Difference between revisions of "Mesenteric ischemia"

(L sided pain)
(Management)
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==Background==
 
==Background==
=== Pathophysiology ===
+
*Most commonly SMA, thus typically involves small bowel (especially jejunum) and right colon
 +
*Left colon uncommonly involved due to collateral flow
 +
===Pathophysiology===
 
4 distinct entities:
 
4 distinct entities:
 
#Mesenteric arterial embolism (ex. Afib)
 
#Mesenteric arterial embolism (ex. Afib)
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*Hypovolemic state
 
*Hypovolemic state
 
*Heart Failure
 
*Heart Failure
*MI w/ dec output
+
*[[Myocardial infarction]] with decrease output
 
*Sepsis
 
*Sepsis
 
*Diuretic use
 
*Diuretic use
 
|}
 
|}
  
=== Epidemiology ===
+
===Epidemiology===
 
*Mean age: 70yo
 
*Mean age: 70yo
 
*2/3 women
 
*2/3 women
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*Hypovolemia / [[hypotension]]
 
*Hypovolemia / [[hypotension]]
 
*Meds
 
*Meds
** Diuretics
+
**Diuretics
** Vasoconstrictive
+
**Vasoconstrictive
** Digoxin
+
**Digoxin
* Dialysis
+
*Dialysis
  
 
==Clinical Features==
 
==Clinical Features==
 
*Pain out of proportion to exam. Abdomen often soft, without guarding.  
 
*Pain out of proportion to exam. Abdomen often soft, without guarding.  
**Pain often L sided around watershed areas of colon (splenic flexure and recto-sigmoid junction)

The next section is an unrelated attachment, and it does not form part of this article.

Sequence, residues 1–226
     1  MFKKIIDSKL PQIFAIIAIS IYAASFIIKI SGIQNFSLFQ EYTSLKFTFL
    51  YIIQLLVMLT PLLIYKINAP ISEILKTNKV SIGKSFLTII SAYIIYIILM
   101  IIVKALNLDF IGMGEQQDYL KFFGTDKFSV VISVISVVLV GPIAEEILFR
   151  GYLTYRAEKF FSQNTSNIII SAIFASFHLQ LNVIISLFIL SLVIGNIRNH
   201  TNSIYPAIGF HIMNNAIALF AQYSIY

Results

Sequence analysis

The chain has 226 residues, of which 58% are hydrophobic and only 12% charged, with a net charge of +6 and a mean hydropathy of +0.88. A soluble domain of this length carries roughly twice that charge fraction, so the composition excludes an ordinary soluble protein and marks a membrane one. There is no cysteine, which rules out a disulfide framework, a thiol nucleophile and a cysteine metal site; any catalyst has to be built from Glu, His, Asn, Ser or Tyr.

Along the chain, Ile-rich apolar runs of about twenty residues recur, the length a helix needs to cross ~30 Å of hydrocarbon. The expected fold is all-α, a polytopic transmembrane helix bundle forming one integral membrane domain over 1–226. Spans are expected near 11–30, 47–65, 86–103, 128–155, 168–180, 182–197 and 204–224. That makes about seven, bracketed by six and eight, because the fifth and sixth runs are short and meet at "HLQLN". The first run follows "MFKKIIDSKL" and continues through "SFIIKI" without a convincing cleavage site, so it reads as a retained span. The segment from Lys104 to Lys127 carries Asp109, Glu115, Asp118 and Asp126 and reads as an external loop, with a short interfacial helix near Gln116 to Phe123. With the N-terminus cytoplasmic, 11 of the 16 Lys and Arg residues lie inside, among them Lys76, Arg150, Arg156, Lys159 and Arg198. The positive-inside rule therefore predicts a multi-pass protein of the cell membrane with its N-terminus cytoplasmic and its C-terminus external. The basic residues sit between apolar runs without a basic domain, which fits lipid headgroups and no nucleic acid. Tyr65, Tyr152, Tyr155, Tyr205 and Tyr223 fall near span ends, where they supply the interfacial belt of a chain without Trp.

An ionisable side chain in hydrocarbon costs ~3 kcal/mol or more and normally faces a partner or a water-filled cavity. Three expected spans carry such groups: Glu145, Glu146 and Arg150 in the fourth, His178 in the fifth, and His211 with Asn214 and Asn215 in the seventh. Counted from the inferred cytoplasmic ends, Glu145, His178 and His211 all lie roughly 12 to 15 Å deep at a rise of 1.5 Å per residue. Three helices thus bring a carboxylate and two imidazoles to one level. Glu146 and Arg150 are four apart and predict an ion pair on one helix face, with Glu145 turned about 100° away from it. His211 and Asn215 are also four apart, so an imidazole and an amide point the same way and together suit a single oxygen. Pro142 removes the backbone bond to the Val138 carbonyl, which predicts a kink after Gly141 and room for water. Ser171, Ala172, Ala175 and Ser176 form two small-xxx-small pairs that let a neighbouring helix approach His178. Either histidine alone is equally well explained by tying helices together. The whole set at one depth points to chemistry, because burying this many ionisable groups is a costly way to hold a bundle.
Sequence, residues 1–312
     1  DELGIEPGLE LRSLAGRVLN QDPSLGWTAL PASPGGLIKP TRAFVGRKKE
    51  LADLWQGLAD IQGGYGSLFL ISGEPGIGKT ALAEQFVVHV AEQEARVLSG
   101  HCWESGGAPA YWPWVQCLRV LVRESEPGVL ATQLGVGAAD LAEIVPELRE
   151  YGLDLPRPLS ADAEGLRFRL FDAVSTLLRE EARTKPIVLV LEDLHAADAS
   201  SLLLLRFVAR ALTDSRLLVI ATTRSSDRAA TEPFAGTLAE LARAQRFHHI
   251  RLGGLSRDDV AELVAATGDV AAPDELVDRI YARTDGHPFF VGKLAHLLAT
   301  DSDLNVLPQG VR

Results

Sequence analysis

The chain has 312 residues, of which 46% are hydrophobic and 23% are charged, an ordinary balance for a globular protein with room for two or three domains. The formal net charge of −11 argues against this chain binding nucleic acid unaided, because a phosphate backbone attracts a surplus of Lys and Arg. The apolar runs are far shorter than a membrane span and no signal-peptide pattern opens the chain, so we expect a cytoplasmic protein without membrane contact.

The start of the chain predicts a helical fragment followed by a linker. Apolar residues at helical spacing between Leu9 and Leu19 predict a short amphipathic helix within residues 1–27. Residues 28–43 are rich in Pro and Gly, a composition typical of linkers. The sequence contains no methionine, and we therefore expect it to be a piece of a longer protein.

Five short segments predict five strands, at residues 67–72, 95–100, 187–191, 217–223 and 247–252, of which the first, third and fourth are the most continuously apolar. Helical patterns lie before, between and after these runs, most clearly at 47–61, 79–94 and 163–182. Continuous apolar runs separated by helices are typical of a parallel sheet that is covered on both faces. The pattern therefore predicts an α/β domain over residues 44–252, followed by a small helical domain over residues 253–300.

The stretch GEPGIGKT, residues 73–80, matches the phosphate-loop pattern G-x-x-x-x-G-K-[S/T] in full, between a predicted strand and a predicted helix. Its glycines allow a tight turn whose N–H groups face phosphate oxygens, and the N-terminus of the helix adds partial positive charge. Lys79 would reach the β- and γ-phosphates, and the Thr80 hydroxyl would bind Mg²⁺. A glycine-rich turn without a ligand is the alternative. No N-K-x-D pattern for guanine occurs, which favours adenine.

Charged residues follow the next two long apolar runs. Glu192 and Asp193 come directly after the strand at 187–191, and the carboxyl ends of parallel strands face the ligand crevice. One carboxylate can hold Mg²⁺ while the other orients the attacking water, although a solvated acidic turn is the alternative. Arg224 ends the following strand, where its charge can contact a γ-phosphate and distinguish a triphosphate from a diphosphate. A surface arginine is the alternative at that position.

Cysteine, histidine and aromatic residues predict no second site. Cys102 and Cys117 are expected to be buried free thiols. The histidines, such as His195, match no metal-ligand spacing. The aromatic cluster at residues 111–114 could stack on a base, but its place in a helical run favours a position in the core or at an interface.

+
**Pain often left sided around watershed areas of colon (splenic flexure and recto-sigmoid junction)
 
*Severe, generalized, colicky
 
*Severe, generalized, colicky
 
*Bloody stools
 
*Bloody stools
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{{Abdominal Pain DDX Diffuse}}
 
{{Abdominal Pain DDX Diffuse}}
  
==Diagnosis==
+
==Evaluation==
 
*Labs
 
*Labs
 
**[[Lactate]] (higher later)
 
**[[Lactate]] (higher later)
 
**WBC (often >15K)
 
**WBC (often >15K)
 
**Chemistry (metabolic acidosis)
 
**Chemistry (metabolic acidosis)
 +
**Hyperphosphatemia
 +
*Upright or left lateral decub XR with intraabdominal air
 
*CTA
 
*CTA
*Mesentaric angiography considered gold standard
+
*Mesenteric angiography considered gold standard
  
 
==Management==
 
==Management==
* [[IVF]]
+
*[[IVF]]
* IV [[antibiotics]] - broad spectrum abx to prevent sepsis <ref>Acute mesenteric ischemia. Curr Gastroenterol Rep 2008;10:341</ref>
+
*IV [[antibiotics]] - broad spectrum antibiotics to prevent sepsis <ref>Acute mesenteric ischemia. Curr Gastroenterol Rep 2008;10:341</ref>
* Narcotic analgesia
+
*[[Opioid]] analgesia
  
 
===Acute arterial embolus===
 
===Acute arterial embolus===
* Papaverine infusion (30-60 mg/h IV) OR
+
*Papaverine infusion (30-60m g/h IV) '''OR'''
* surgical embolectomy OR
+
*Surgical embolectomy '''OR'''
* intra-arterial thrombolysis
+
*Intra-arterial thrombolysis with IR
  
 
===Nonocclusive mesenteric ischemia===
 
===Nonocclusive mesenteric ischemia===
* Papaverine infusion
+
*Papaverine infusion
  
 
===Mesenteric venous thrombosis===
 
===Mesenteric venous thrombosis===